About a month ago, I shared the pitcher expected K% regression equation I came up with that does a great job of estimating what a pitcher’s strikeout percentage should be given the combination of his called, swinging and foul strikes. Since then, I have wanted to do the same for a pitcher’s walk percentage. Unfortunately, there have been many attempts in the past, but with much less success than for a pitcher’s expected strikeout percentage. I believe the highest R-squared attained has been in the low 0.50 range, which isn’t bad, but clearly suggests that there’s a lot more going on that isn’t being accounted for.
Since I still had all the same data from the strikeout percentage study (pitchers with at least 50 innings pitched from 2008-2012, n = 1,629), I decided to make use of it to try devising an equation for walk percentage. Let’s begin by taking a look at some correlations between a pitcher’s BB% and various metrics. The first five are from Baseball Reference, while the rest you should be familiar with.
|Str% (Strike %)||-0.75|
|L/Str (Looking Strike %)||0.09|
|S/Str (Swinging Strike %)||0.21|
|F/Str (Foul Strike %)||0.03|
|I/Str (Balls in Play Per Strike %)||-0.29|
As one might expect, the best predictor of walk percentage is strike percentage. Throw more strikes, walk fewer hitters. Simple. Swing% also has a relatively high correlation, which makes sense as well. If a hitter swings, it’s going to either be a strike or put into play, both of which do not result in a ball.
Initially, I decided to once again make use of the strike type rates from Baseball Reference and combine them with Str%. Lo and behold, that resulted in a strong 0.86 correlation, well above previous attempts. However, just before writing this post, I thought that maybe the strike rate types don’t matter all that much and what’s most important is whether the pitch is put into play or not. All of the strike rate types are balls not put into play, so it is indirectly measuring the pitcher’s ability to prevent non-foul ball contact. The equation also had four variables and for some, that is too many.
So I decided I would instead pare things down and test I/Str along with Str%. I/Str ends up being the remainder after adding up the three strike type rates. If a pitcher’s strike type rates add to 70%, then his I/Str would be 30%. That means that 30% of the strikes this pitcher has thrown have been put into play. Excitingly, the loss in R-squared was negligible, and the equation now requires just two variables.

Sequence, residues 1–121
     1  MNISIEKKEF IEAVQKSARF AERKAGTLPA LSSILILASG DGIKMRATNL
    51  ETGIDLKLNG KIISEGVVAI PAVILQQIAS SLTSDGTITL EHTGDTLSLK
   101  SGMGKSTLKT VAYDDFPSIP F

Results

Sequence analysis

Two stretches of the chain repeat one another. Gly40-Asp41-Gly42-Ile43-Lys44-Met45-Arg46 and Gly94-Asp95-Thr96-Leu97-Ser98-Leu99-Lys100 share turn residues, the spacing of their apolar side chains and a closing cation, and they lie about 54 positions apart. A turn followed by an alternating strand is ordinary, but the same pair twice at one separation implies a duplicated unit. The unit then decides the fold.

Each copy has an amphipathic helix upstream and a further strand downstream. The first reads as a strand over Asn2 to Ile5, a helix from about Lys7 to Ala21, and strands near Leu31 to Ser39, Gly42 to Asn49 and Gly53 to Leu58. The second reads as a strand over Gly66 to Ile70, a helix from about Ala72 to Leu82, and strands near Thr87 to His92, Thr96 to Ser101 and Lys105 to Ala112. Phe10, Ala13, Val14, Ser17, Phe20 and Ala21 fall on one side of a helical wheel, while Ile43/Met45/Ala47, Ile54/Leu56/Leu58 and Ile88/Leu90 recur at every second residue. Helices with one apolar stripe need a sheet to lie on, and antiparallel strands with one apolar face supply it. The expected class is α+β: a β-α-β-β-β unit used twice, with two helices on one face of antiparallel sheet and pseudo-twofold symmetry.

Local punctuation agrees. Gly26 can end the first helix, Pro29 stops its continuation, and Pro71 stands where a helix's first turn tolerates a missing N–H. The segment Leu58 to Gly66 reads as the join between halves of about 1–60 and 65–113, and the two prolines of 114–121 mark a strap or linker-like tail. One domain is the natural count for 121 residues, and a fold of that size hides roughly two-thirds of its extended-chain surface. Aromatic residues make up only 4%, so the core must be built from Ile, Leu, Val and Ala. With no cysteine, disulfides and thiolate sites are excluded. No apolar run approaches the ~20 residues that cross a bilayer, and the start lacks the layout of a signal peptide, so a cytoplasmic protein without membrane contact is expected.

Now for your graphical viewing pleasure…
xBB% = 0.6583 + (-0.7838 * Str%) + (-0.2685 * I/Str)
The equation makes sense and the coefficients derived follows with what I described above. The biggest factor in a pitcher’s walk percentage is simply the frequency in which he throws strikes. So that’s the largest component of the equation. The more strikes thrown, the lower the walk rate. After that, if a pitcher’s balls keep getting put into play, then obviously he isn’t going to be walking those batters. So the rate at which the strikes that he throws are put into play also plays a role. I am making the assumption that any ball put into play is automatically considered a strike by the metric, even if it was technically outside the strike zone.
Though it’s no 0.89 R-squared like I got with the xK% equation, 0.73 is so far the best I have seen. And from Matt Klaassen’s post at the beginning of the year that looks at various historical pitcher metric correlations, this equation beats the YoY R-squared for BB% of 0.5184 (0.721 correlation). Furthermore, I tested the equation using 2013 data. I looked at all pitchers with at least 20 innings pitched (n = 445), which is a more relaxed innings pitched requirement than my original population. R-squared on this season’s data was a less impressive, but still better than the rest, 0.64.
Of course, there still appears to be room for some improvement. I believe that 0.73 is the best we’ve got so far, but we should be able to do better. I’m not sure what else could be looked at with the current slate of metrics available, so it might come down to a sequencing thing. It’s possible that some pitchers really do lose their control mid-game and are prone to bouts of wildness. If a pitcher throws 16 balls all game, but they all come in a row, he has walked four batters. Yet if he pitched seven innings and threw 100 pitches, only 16 balls is one heck of a ratio and would not normally match up with four walks. So sequencing is important, but only if there is a real difference in ability between pitchers.
So unlike my expected strikeout percentage equation where I was confident that there was little more to do, I end this post with a hope that we keep exploring. If we can continue to develop equations using underlying skill metrics to project the results, or the surface stats, then I will be a happy man.
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